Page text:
Friday, January 15, 2021

Gotta Fix This Quilt

In 2017, I made a quilt for my son to replace the quilt I made for him when he went to college 12 years ago.  He brought it home and asked me to do some repairs.  So many seams came apart as seen in the pictures below.


I don't remember what thread I used.  I will be very disappointed if it turns out to be one of my expensive threads.  On top of that I have to figure out how I will fix this.  If anyone has any ideas and has done this before please let me know.  I still have some time before I start working on it.

Right now I plan to requilt the whole thing with a thicker thread.  I'll do top stitch on every seam, be it ribbed or not.  I liked the 3-ply 100% cotton that I used to quilt my sister's quilt.  I think I'll use that.

Have a great quilty day.....    

Today link to
To-Do Tuesday



  1. Oh dear! I once did a sort of very small type of hemming stitch to fix a quilt someone had given me to quilt & while it was on the machine I noticed some of the seams were like that. I didn't want to take it off, so managed the repairs as I rolled it forward each time. Another thing you could try is stitching on the very edge of each seam for your re-quilting. Do you get what I mean? Hope it all goes well without too many frustrations. Take care & stay safe.

  2. Hi Margo! Gosh, I have never encountered that issue. Although, my nephew asked me to fix his quilt and it was in tatters so he got a new quilt out of the deal. It sounds like your plan will fix it right up though. Thanks for linking up today and good luck with that project. ~smile~ Roseanne

  3. I like your plan of top-stitching all the seams. That ought to do it!

  4. I feel your pain and wish you well in re-quilting, which is a great idea to secure those seams. I've only had issues with my hand-stitched bindings, which resulted in my having to machine sew bindings to the back. Which I don't like!

  5. Are you planning to take it completely apart, or take out all the quilting, or ? I think I would do a hand stitch to reconnect the pieces. Or is the fabric in the seam allowance gone? I've caught several seams in new quilts where only a thread or two of one of the fabrics was caught in the seam. I always try to correct it before I get any further. If it is the thread that has given up you might need to evaluate how old the thread is you are using. I wish I could say I date every spool of cotton thread I bring in but I don't. But it would help in terms of weeding out old thread. Good luck with you fixing. A last thought. You might ask him if he is hooking the bottom of the quilt under his feet and yanking it up. (Ask me how I know this one!) It may be the quilt is being pulled in a way we wouldn't normally do.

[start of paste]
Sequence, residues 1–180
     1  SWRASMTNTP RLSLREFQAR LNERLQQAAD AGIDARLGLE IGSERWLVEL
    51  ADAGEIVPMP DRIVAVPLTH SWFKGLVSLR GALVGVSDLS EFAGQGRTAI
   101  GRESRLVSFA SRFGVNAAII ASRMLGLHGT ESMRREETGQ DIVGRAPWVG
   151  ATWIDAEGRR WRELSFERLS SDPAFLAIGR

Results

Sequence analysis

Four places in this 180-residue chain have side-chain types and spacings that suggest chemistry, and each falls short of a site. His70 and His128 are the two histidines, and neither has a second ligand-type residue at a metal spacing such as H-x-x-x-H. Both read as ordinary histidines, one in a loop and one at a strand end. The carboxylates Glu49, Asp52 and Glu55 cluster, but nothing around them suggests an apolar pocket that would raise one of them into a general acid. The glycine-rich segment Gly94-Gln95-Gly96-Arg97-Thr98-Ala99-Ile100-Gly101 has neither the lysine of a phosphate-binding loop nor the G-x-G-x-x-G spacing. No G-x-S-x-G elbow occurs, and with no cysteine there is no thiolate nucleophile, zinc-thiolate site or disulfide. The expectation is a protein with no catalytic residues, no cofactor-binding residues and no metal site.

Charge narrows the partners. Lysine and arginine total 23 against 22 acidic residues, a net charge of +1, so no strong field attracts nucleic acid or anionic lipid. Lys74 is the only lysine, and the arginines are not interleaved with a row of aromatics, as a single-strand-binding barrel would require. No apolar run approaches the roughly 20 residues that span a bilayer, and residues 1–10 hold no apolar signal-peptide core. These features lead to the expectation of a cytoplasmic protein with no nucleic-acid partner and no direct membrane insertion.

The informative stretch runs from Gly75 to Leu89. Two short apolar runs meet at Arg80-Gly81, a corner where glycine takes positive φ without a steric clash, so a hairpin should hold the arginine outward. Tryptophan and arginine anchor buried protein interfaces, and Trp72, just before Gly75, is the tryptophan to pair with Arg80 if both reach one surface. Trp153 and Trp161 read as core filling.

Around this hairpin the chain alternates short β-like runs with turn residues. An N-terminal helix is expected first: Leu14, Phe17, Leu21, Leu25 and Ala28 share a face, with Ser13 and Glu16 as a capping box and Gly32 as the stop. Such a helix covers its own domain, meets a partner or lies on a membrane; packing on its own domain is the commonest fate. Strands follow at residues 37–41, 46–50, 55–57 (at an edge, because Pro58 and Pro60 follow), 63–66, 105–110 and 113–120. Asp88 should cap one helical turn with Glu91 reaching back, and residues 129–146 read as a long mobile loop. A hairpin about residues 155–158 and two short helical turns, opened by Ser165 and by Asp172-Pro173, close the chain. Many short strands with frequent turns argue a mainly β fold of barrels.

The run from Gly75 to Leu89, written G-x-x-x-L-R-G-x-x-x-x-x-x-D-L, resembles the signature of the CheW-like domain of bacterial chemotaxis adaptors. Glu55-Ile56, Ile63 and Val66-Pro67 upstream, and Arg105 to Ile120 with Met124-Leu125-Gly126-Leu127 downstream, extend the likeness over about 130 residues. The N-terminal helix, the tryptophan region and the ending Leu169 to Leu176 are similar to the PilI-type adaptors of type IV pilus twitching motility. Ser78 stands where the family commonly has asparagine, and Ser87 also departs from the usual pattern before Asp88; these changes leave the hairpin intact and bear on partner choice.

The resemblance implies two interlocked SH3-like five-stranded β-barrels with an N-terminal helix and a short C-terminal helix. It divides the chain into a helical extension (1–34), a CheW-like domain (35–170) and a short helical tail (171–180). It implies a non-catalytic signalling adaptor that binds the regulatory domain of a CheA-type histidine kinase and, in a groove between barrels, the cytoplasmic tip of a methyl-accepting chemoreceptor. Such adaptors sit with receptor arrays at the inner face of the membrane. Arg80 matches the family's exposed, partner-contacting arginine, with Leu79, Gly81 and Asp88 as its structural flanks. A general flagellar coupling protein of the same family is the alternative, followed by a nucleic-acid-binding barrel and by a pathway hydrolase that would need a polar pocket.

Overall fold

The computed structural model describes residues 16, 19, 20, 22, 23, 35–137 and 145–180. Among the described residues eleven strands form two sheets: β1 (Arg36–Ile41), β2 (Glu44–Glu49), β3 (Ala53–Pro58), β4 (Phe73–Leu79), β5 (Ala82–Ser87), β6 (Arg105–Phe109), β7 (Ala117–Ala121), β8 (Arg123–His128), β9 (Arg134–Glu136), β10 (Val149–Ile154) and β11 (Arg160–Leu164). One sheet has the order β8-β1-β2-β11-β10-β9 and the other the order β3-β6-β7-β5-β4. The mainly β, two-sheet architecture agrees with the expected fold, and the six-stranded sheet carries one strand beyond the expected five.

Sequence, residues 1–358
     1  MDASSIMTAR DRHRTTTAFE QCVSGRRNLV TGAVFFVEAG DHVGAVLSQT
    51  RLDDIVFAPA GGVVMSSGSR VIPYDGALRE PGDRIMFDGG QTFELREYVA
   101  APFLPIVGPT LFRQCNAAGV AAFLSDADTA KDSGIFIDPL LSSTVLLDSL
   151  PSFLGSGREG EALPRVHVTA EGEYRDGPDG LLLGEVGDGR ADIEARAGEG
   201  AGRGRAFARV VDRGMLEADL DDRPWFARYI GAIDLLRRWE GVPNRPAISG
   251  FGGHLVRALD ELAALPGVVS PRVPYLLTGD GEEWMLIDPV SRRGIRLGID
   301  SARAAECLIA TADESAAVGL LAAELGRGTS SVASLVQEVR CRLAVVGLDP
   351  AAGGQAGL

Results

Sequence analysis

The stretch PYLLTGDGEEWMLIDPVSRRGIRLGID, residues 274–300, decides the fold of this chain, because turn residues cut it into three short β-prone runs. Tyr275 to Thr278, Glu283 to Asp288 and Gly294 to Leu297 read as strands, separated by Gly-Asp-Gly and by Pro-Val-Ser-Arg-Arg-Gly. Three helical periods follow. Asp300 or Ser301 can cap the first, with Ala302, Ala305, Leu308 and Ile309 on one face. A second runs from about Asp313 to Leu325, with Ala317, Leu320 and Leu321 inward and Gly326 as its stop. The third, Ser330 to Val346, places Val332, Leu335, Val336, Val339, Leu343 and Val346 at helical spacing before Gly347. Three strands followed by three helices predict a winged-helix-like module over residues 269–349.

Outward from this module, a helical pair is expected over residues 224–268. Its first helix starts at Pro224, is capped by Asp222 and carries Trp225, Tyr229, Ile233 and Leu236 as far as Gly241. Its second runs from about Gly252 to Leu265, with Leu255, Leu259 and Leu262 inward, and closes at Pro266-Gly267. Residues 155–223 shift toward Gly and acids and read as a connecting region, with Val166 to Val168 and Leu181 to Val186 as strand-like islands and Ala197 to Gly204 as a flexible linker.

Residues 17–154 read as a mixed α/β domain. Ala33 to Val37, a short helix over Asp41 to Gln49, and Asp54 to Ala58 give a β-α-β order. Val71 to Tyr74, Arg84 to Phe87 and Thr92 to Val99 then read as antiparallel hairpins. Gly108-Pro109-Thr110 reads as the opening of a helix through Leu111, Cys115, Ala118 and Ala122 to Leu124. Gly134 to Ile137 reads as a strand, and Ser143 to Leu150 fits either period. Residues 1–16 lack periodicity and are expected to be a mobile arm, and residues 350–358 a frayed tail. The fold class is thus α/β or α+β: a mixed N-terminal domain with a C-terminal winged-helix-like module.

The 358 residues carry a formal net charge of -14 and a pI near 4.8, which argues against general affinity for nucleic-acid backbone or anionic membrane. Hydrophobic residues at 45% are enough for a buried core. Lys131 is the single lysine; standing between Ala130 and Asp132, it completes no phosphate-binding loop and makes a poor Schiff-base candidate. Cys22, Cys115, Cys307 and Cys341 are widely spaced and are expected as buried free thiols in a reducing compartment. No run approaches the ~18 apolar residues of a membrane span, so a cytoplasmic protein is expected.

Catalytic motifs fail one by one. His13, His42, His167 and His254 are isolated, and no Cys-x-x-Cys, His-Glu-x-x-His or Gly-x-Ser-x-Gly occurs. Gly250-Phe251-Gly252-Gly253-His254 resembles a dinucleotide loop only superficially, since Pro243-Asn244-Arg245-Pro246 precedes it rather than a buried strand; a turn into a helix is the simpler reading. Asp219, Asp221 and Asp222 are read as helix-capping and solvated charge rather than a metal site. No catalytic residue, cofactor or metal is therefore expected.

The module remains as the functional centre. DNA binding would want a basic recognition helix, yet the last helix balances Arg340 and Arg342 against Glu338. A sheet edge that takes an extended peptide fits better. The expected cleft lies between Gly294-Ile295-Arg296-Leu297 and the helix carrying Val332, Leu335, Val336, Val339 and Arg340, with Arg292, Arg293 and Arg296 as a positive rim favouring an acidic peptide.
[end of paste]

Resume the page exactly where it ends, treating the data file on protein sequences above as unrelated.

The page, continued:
6. Hi, Margo. I fix vintage quilts for clients, and I have LOTS of tricks up my sleeve that might help you. The easiest, most invisible repair for popped seams would be hand stitching the open seams closed in matching, lightweight thread, the way you'd do needle turn appliqué, as Bonnie suggested. You could also slide a 1/4" wide strip of double sided fusible web into the hole, just to the seam allowance, and then use your iron to fuse the hole shut. That may be enough to hold the repair if you're also planning to add more quilting that will reinforce the repaired seams and further secure them. As far as figuring out why this happened and how to prevent it in the future: It's hard for me to tell from your photos, but might your piecing stitch length have been a little longer than necessary? A shorter piecing stitch length, in the neighborhood of 1.5 to 2.0 on my Bernina, makes for a stronger piecing seam than the default straight stitch length of 2.5. The other consideration is that the more quilting goes into a quilt, the less stress your piecing seams will be exposed to over the life of the quilt. That's why the vintage quilts that come to me in the worst condition are the tied quilts. Quilting stitches that go through all three layers of the quilt "marry" the quilt top to the strength and stability of the batting and backing layers, but in a tied or lightly quilted quilt, the top layer of piecing is separate enough that sometimes the quilt is grabbed, tugged, pulled only by the top layer, and that can lead to popped seams. Unless you used really old, weak thread that had deteriorated over time before you put it into your quilt, I don't think your piecing thread was the culprit. I think that there probably wasn't enough quilting for the intended use as a bed quilt, and perhaps your stitch length may have been a little too long. Either way, your plan of adding more quilting will resolve the problems so your son can get many more years of enjoyment and use out of this quilt.

  7. Your idea to top-stitch all the seams looks good to me, it will be easier than re-doing all the seams.
    Maybe the opportunity to quilt it with designs that inspire you?
    Thank you for sharing, and linking up.

  8. I second the idea of a needle turn applique stitch and then more quilting on top. What a compliment from your son it is to see how much he loves this quilt.

    1. I'm not sure if you know that you're a non-reply blogger. I hope you come back to visit. Thanks for your wonderful comments. Yes, he loves his quilt.


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